+1  Views: 739 Answers: 7 Posted: 10 years ago

    7 Answers

    Ummm,What was the question again?

    Look up on this page. I see blue print that reads “Simple Dementia Tests” www.JohnHopkins Health haven’t checked it ...  

    The following are guidelines:

    1.Difficulty in using the telephone,2. Refusal to drive or use public transport. 3. Can't fill in a cheque, pay a bill, or manage a budget. 4. Forget to take medicines. 5. Loss of short-term memory. 6. Difficulty with speech. 7. Problems with behaviour.


    That's the description of my mother when she got into her late 80s :-(

    An expert on Alzeimers/Dementia told me that sometimes people believe that if they can't remember where they put their car keys, dementia may be setting in.  That is not the case, he said.  "Even teenagers forget things."  It is more like this, he said.  "When you have the car keys in your hand, and you cannot remember what to do with them, that could be the beginning of a problem". However, other things can also cause forgetfulness...medications, stress, illness, etc. Talk to a health care provider.

    I don't remember.  Do I know you?  Where am I?  Let me go! I'll bite you!  Do I know you?  Stop trying to feed me!


    It's not quite so funny when you are hearing those words from a loved one. Have you experienced that? Sadly, the chances are VERY good, that one day, you will.

    Good way to say, doolittle. I think it takes it all in ... even the Paranoia and the aggression.

    I used to have a doctor named Doolittle. I picked him because of his name.

    forgetfulness. Repeating the same statement over and over. And yes, I agree with Doolittle, b/c I have worked in nursing homes as an LPN----that paranoia can be a symtom of dementia.... They will say someone is stealing the money, or something like that.  And some will cuss and swear like a sailor and they've never done that before---when they were well. Some will call people by the N word, and they didn't when they were well, b/c they knew better. Some people who have dementia will revert to their native language , when they spoke very good English when they were well.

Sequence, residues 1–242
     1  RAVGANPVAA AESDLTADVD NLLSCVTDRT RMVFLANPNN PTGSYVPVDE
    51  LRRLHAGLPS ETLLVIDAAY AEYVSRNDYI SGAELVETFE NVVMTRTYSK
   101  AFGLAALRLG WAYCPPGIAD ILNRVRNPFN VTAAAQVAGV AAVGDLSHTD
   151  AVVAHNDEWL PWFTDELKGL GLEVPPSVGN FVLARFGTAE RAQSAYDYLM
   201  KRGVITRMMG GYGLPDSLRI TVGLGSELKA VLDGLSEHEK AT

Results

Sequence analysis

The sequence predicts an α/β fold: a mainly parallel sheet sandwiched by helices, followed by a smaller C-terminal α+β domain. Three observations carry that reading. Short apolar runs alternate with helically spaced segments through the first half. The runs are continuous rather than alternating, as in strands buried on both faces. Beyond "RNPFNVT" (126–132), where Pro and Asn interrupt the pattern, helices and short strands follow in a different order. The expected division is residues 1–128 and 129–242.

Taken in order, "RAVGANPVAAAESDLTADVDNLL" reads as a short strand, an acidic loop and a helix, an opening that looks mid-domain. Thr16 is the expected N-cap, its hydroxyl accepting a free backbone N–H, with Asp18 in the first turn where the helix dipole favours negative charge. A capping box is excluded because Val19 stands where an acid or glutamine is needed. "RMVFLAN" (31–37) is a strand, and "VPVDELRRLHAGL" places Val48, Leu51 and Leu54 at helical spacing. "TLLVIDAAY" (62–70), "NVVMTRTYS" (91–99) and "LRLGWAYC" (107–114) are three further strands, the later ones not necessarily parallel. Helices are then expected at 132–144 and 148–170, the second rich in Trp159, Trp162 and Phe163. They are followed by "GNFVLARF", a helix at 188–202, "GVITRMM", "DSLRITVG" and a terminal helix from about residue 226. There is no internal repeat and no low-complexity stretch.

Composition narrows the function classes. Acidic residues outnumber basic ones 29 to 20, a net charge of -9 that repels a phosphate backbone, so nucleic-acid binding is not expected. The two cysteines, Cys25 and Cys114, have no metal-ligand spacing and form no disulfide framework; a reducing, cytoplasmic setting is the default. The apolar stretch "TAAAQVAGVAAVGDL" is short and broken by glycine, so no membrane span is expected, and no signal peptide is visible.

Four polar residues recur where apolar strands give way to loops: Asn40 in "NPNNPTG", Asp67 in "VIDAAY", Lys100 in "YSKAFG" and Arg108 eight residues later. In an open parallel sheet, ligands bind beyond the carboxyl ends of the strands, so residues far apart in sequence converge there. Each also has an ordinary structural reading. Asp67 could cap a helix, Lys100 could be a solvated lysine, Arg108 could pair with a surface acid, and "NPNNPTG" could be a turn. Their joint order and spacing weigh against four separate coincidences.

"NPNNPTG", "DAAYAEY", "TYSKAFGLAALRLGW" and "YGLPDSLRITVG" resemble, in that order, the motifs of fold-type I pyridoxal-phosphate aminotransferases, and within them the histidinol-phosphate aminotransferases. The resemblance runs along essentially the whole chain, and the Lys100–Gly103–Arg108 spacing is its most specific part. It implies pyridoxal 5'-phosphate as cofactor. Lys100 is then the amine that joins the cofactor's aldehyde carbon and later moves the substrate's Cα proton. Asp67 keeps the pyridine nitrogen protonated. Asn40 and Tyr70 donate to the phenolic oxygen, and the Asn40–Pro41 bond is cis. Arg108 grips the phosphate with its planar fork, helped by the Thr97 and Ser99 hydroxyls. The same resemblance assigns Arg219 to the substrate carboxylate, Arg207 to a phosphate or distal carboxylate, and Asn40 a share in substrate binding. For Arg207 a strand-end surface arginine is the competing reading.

Ducky pleas read itsmee's comment.  And yes, not only have I experienced it in my own family, I've taken care of many patient's and their loved ones going through this.  It is a very difficult thing for families to go through.  Especially when the paranoia and aggression come to light.  The first time 911 was called because I wasn't recognized as me but as a 'mean person holding them hostage' I was shocked. & I felt very bad that someone had to end their days in such a state of fear.  Because dementia and alzheimers run in my family (and my memory is starting to fade at a younger than most age) i can only hope i will be a happily demented patient.  Sorry if I offended you.

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